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While you were sleeping: Dustin Johnson and Jordan Spieth go off at the British Open

Here's what you missed while you were sleeping during an eventful start to the Open Championship.

The Open Championship is not the most friendly major for the American audience, with the first round starting at 1:30 a.m. back in the Eastern U.S. Thursday's morning wave featured Jordan Spieth, Tiger Woods and Dustin Johnson, the leader through the first half of the day. Here's what you missed while you were sleeping.

Dustin Johnson, the game's ultimate bombthreat

Even though we last saw him crumbling on the 18th green of the U.S. Open, Dustin Johnson seemed like one of the safest picks to win this week at St. Andrews. It sets up perfectly for him, rewarding players who are long off the tee. No one hits it farther or better with the driver than DJ -- multiple ESPN analysts even called him "The longest straight driver of our generation." Given the scoring conditions, he had to go low.

He started 4-under through his first five holes, a stretch that included the field's first eagle of the championship.

Watching DJ hit drives may be the most exciting show in the game right now and with a bunch of drivable par-4s and no real rough, he was always going to push the pace this week. On the back nine, he almost put it on the green at the par-4 10th and 12th and was pin high to the right of the green in two at the par-5 14th. He then drove one 348 yards right down the middle at the 16th.

Johnson finished 7-under, tied for the lead at the time with Paul Lawrie. As conditions deteriorate for the afternoon, that will probably be the best first round number for the entire field.

Several observers called DJ's week at Chambers Bay the best driving exhibition we'd ever seen in major championship golf. With the way St. Andrews set up for him, this week may be better and he's the one to beat.

Jordan Spieth doesn't need prep

The Grand Slam hopeful was questioned all week for playing the John Deere Classic, which made him one of the last players into Scotland on Monday. He doesn't have any experience here and is still probably adjusting to jet lag, but Spieth did not show it. He rolled in five birdies in his first nine holes to take an early share of the lead. Nothing looked off at all.

Spieth cooled off on the second nine, giving a couple shots back after hitting the tougher stretch of the course. He came in with an even-par back nine. DJ outpaced him but he's still in fine position to keep chasing that third leg of the slam at 5-under and tied for sixth.

This may have been the worst of a bad Tiger Woods

We really should not be surprised by anything Tiger Woods does right now, but I still could not believe he started as poorly as he did at St. Andrews. This is a venue that he says is his favorite course in the world. It's one that forgives some of his biggest weaknesses. He also looked like a different player in his last start at the Greenbrier, hitting fairways and greens in regulation as if he could compete and contend on the PGA Tour. That was an easy course, but this one was supposed to set up well for him, too.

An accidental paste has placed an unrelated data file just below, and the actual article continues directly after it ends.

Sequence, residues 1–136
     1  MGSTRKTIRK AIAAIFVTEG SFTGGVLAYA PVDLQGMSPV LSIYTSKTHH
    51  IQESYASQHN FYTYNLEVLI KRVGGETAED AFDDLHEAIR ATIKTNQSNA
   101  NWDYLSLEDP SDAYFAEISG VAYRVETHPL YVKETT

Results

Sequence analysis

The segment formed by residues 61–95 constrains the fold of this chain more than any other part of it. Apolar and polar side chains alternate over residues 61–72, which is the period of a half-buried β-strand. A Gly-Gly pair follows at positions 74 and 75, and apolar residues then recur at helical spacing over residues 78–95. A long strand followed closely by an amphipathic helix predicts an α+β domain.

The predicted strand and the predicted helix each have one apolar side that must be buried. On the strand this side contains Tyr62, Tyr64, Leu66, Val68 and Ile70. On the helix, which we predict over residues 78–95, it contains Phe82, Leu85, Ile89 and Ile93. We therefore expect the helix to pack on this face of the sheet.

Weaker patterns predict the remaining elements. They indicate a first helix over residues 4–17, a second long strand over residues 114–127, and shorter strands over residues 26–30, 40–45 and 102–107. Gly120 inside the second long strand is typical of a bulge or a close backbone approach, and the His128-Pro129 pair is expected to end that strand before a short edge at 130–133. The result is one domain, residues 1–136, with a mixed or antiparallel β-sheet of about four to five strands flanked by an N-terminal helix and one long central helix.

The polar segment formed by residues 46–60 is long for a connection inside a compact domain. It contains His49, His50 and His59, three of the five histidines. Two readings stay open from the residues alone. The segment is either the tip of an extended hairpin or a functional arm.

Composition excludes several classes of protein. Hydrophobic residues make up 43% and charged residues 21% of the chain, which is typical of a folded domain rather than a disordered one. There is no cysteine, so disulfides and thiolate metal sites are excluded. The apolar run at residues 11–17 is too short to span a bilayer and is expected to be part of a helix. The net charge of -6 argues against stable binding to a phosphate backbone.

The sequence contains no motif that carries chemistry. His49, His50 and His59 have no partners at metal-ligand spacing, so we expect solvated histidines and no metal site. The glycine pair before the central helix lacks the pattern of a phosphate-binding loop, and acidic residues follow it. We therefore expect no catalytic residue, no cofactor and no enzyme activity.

I did not expect Tiger to win this week, no one did. But a made cut and a top 25 finish seemed realistic. This first round was a total step back to the disasters of the U.S. Open and Memorial. Given the progress he thought he had made, it's probably worse. It started with an inexcusable bogey at the easy first hole, where he duffed a short approach shot into the burn running in front of the green.

Maybe he had a good round in him and that shot sent it all spiraling? He reportedly looked good on the range again, but he was a mess from the first tee onward.

The conditions will get tougher for the afternoon so he'll get more company down toward the bottom of the leaderboard. But Tiger is also scheduled to be out in the worst weather of the week Friday afternoon, when the wind is gusting over 40 miles per hour and the scores much higher. He had his chance to post a positive round Thursday morning and blew it. Now he's likely headed home early at his second straight major.

Tom Watson gives it away late

The 65-year-old Watson is playing his last Open, an event he's won five times. One of the modern masters of links golf started well enough and it looked like that farewell walk over Swilcan Bridge at the 18th would come on Sunday. Then he double-bogeyed three of five holes down the stretch and tumbled down to the bottom of the leaderboard.

Watson delivered one of the more melancholy press conferences you'll ever see on Wednesday, announcing that next year's Masters would be his last on top of this year's Open farewell. He's still got the game to compete for different nine-hole stretches but it can come undone in a hurry. Now he's heading for Friday afternoon exit from the championship he owned for so many years.

A new amateur record

Jordan Nierbrugge is one of those Oklahoma State products that you'll be hearing more from in the near future. The course was certainly gettable, but Nierbrugge went out and posted the lowest score by an amateur in the history of The Open at St. Andrews (another am, Paul Kinnear, was threatening to match or break it later).

Nierbrugge was inside the top 10 when he finished up at the Old Course. It's an impressive feat, especially for an amateur. And then you realize he's just a month younger than Jordan Spieth.

Miguel stretching